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Do I still need a second opinion if I am sure that I have melanoma after the first diagnosis?

ANSWER

Another viewpoint is especially important if your doctor doesn’t treat melanoma often or usually works with a different type than the one you have. There are many cancer treatments out there, and what works for one person may not work for you.

Don't feel bad. Doctors are used to patients asking for second opinions. Some even recommend it. And not only will most insurance companies pay for a visit to another doctor, some require it.

SOURCES:

American Society of Clinical Oncology: "Seeking a Second Opinion," "How A Child Understands Cancer," "Supporting a Friend Who Has Cancer."

Melanoma International Foundation: "Newly Diagnosed?" "Talking to Your Children About Melanoma."

Aim at Melanoma Foundation: "Getting A Second Opinion."

Melanoma Research Foundation: "Just diagnosed with melanoma?"

Cancer Support Community: "Communicating with Your Health Care Team About Metastatic Melanoma," "Tips for Coping."

Patient Advocate Foundation: "Second Opinions."

National Cancer Institute: "Taking Time."

Melanoma Foundation New England: "Just Diagnosed," "Talking with Your Family About Melanoma."

University of Pennsylvania: "Talking To Your Children About Your Cancer Diagnosis."

American Cancer Society: "Talking With Friends and Relatives About Your Cancer," "Road to Recovery."

Providence Regional Cancer Partnership: "Share the Care Mobilizes Volunteers to Assist with Patient's Needs."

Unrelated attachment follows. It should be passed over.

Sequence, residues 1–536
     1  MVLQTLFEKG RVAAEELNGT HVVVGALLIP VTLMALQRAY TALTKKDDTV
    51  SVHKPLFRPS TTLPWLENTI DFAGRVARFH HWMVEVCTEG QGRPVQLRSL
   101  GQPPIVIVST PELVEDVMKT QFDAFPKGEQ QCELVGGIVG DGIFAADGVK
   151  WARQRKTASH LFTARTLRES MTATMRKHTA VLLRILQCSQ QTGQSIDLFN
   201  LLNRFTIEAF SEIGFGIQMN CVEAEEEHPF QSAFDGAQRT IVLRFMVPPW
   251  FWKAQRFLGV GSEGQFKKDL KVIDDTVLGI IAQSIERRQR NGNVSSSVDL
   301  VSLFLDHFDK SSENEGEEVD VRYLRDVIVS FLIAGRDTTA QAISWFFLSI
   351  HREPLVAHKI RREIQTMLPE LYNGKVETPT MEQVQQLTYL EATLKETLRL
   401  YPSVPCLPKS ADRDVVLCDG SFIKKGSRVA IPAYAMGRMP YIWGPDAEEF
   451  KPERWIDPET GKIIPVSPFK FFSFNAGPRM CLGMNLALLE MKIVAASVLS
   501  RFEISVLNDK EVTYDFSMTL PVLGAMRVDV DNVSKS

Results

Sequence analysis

Reviewed by Stephanie S. Gardner on June 1, 2018

SOURCES:

American Society of Clinical Oncology: "Seeking a Second Opinion," "How A Child Understands Cancer," "Supporting a Friend Who Has Cancer."

Melanoma International Foundation: "Newly Diagnosed?" "Talking to Your Children About Melanoma."

Aim at Melanoma Foundation: "Getting A Second Opinion."

Melanoma Research Foundation: "Just diagnosed with melanoma?"

Cancer Support Community: "Communicating with Your Health Care Team About Metastatic Melanoma," "Tips for Coping."

Patient Advocate Foundation: "Second Opinions."

National Cancer Institute: "Taking Time."

Melanoma Foundation New England: "Just Diagnosed," "Talking with Your Family About Melanoma."

University of Pennsylvania: "Talking To Your Children About Your Cancer Diagnosis."

American Cancer Society: "Talking With Friends and Relatives About Your Cancer," "Road to Recovery."

Providence Regional Cancer Partnership: "Share the Care Mobilizes Volunteers to Assist with Patient's Needs."

Reviewed by Stephanie S. Gardner on June 1, 2018

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Where can I find information on melanoma?

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THIS TOOL DOES NOT PROVIDE MEDICAL ADVICE. It is intended for general informational purposes only and does not address individual circumstances. It is not a substitute for professional medical advice, diagnosis or treatment and should not be relied on to make decisions about your health. Never ignore professional medical advice in seeking treatment because of something you have read on the WebMD Site. If you think you may have a medical emergency, immediately call your doctor or dial 911.

    This tool does not provide medical advice. See additional information.

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